Book/Magazine Covers (Jones) · Connections · Jeffrey "Jeff" Catherine Jones

Connections: Malcolm S. Kirk and Jeffrey Jones

Earlier this week, I purchased a random selection of nine National Geographic magazines from 1967 and 1969 from a local thrift store. A few days later, as I was flipping through volume 135, number 4, from April 1969, I noticed an image by writer/photographer Malcolm S. Kirk that I knew I’d seen, in part, before. Here’s the comparison:

[CLICK IMAGES TO ENLARGE]

Keywords: Thongor Fights the Pirates of Tarakus.

8 thoughts on “Connections: Malcolm S. Kirk and Jeffrey Jones

  1. I personally don’t see anything wrong with that, but we live in a sea of copyright-trigger happy status quo enforcers. (Probably doesn’t make sense I know.)

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  2. Who enforced the copyright of photographer Malcolm S. Kirk or National Geographic in a way that prevented Jeffrey Jones from using a portion of that photo as reference for a painting that was reproduced in a commercial context? Unless you know something that I don’t, Luis, I’d say that the answer is, nobody.

    Look. I’m not the copyright police. I neither praised nor condemned Jeffrey Jones’s use of a copyrighted image as reference. But if, as an artist, you are of the opinion it is okay to use other people’s photographs — their art — as reference for your own artwork, then you ought to be okay with people pointing out precisely where and how you’ve used other people’s photographs as reference for your artwork. Unless, of course, you know very well that you what you’ve done is a form of copyright infringement and that you are in danger of being sued if the copyright holders ever notice what you’ve done. Because if that’s the case, maybe what you really need to do is to change what you’re doing and take your own reference photographs or buy reference or whatever.

    And keep in mind, copyright doesn’t just protect some other guy’s original creations. It protects your original creations, too… unless you sign away your rights… or fail to protect them…

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  3. I’m totally for freedom of use of all kinds, but since we live in a world of creating capital and whoever doesn’t follow the same ideas falls off the threadmill. I created a pinterest with some of the works I’ve been inspired by and other artists who have used other’s references or have been inspired by an image whether they shot it or not. If someone wants to use my images I give them the right, but the problem is since we all live in the same fish tanks for laws and if I feel I’m drowning because I’m an artist with little income and I see those images used to make a gazillion amounts of money I may try to get some of that in order to feed my family, but if it’s someone else struggling similar to me I wouldn’t ever make a big deal about it. I hope it’s okay to use this example. I’ve linked up the website to it.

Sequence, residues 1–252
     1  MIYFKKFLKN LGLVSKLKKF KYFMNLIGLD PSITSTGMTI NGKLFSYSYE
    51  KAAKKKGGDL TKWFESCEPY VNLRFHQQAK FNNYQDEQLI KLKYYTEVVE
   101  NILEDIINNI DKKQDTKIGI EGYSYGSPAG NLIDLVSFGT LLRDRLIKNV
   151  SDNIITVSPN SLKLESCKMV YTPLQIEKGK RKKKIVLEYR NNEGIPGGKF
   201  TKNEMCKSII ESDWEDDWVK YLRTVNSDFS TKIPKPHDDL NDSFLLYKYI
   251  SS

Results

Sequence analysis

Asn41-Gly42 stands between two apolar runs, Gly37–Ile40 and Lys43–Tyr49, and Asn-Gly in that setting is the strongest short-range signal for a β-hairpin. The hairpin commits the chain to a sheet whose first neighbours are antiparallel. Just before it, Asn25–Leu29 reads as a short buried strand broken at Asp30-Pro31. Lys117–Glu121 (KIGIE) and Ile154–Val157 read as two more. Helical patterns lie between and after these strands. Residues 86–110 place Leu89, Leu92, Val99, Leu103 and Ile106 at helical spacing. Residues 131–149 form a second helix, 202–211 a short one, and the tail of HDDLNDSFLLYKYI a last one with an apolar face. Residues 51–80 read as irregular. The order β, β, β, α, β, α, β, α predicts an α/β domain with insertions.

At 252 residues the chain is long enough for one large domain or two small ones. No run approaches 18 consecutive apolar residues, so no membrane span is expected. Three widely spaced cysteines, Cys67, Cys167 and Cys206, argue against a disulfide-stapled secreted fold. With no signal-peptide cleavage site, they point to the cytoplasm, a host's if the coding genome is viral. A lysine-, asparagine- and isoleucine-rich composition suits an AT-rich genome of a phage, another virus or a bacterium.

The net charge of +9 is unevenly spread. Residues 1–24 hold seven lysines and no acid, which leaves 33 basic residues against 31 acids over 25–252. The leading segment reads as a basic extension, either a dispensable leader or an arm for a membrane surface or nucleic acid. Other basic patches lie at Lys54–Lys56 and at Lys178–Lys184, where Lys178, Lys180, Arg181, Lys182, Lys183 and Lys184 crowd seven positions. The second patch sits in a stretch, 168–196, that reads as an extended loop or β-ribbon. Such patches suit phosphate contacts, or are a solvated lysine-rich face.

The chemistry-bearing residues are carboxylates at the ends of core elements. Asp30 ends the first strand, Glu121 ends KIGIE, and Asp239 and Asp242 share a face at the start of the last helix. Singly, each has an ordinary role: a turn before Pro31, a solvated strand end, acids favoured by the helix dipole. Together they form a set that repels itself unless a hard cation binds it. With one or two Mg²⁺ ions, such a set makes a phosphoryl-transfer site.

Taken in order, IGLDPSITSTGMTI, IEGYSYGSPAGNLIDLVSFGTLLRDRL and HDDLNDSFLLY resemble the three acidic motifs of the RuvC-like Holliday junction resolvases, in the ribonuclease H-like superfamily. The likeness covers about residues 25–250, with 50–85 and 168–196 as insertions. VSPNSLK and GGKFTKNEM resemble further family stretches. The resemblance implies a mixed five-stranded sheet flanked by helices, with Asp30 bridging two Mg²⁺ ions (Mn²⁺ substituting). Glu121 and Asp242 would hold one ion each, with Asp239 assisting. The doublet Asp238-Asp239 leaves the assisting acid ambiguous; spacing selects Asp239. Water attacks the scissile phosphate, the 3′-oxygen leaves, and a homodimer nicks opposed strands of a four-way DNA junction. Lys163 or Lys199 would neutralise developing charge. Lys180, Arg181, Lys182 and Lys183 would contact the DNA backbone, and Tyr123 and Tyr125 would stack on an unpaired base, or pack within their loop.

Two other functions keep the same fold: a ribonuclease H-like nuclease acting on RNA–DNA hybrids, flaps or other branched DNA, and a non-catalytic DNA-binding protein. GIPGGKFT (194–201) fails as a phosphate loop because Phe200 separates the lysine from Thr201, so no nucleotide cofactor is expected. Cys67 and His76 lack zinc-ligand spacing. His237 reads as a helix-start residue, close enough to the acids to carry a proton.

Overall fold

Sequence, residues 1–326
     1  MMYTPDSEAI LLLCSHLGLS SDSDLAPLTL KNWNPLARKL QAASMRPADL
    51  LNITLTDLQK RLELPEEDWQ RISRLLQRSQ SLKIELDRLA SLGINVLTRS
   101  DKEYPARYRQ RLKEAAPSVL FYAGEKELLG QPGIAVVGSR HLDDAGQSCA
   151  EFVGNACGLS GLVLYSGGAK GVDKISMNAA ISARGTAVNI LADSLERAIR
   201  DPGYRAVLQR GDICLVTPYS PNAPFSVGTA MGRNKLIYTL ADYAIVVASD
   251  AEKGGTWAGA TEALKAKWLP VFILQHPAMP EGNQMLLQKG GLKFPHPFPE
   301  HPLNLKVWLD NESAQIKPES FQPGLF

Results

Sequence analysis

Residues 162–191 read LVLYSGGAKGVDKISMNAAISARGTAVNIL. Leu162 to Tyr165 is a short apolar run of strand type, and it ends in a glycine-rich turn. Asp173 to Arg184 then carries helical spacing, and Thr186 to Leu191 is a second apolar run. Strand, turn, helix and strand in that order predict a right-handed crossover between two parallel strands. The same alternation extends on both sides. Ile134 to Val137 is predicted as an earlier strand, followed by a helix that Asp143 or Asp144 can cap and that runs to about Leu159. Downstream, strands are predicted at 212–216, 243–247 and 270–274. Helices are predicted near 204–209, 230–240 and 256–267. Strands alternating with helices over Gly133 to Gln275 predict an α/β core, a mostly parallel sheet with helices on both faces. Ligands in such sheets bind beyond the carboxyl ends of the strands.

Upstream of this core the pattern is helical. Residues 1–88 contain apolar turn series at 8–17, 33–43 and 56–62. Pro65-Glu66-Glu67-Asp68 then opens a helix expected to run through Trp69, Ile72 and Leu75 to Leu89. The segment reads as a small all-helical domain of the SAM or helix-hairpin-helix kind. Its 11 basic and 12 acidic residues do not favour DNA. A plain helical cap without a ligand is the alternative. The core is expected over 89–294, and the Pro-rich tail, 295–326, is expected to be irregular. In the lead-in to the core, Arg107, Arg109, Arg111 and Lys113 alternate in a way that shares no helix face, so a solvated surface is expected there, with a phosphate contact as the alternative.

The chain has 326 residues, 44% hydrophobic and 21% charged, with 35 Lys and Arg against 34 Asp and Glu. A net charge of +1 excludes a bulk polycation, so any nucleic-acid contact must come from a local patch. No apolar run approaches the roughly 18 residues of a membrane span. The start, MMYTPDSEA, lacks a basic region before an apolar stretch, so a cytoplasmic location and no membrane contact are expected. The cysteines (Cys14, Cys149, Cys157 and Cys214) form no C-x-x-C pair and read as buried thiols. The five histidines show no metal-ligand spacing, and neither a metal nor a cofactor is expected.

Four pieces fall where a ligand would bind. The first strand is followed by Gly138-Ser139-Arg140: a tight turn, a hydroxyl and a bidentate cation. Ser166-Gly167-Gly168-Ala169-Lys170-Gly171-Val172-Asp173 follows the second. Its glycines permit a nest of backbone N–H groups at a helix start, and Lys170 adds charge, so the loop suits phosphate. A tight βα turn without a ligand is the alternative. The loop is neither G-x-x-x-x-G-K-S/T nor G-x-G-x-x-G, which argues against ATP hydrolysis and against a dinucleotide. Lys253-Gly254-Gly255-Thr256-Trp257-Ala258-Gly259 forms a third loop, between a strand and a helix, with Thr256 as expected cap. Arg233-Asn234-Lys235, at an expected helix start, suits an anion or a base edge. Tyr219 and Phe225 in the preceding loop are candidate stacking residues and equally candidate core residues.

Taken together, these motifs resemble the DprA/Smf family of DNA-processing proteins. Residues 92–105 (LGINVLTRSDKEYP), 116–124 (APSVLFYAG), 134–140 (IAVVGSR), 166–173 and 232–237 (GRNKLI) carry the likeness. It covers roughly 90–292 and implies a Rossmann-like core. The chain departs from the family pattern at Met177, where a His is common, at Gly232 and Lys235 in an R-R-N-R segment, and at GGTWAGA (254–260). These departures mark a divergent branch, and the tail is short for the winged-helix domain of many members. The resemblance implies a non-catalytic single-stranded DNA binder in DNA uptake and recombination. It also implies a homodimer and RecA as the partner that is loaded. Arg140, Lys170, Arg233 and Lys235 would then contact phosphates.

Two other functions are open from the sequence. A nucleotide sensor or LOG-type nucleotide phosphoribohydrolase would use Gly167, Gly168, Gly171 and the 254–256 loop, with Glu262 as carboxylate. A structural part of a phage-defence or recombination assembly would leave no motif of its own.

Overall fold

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  4. Thanks for the comment, Luis. I’m okay with your use of one or two of my examples of visual “Connections” between the works of various artists on your Pinterest board, but I won’t be happy if you comb through my site and take every comparison I’ve ever posted. Not that anyone would ever do that…

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  5. Thank you RC. To be honest I didn’t know you had done more of those comparisons other than this Jones artwork. I will have to look now just for fun, but won’t use any other examples. My board is pretty obscure anyways. I only do it for fun. I thought this example was excellent because I know many artists are or were inspired by National Geograhics for their exceptional photography especially those older ones from the 70’s and 80’s. Some of those have more contrast and more raw than today’s photoshopped images. Most of the ones I have used on my board I discovered on my own just being curious since I see a lot of similar ideas used around which I think is totally fine as I mentioned earlier. I love the Klimt and Jones comparison you have in the front page. I know he loved Klimt stuff as did those artists that were inspired by Jones or not especially in the comic book field.

    I see images/paintings as information apart from being art. When artists study the human form one of the things they use are the drawings from the Classics. If we use them today they are homages, but if we use someone like Frazetta they would be a rip for some even if it’s just to learn something from it. I do think you shouldn’t base your work on someone, but some artists are deeply influenced by dead artists for many years if not for their entire career.

    Thanks for the chat.

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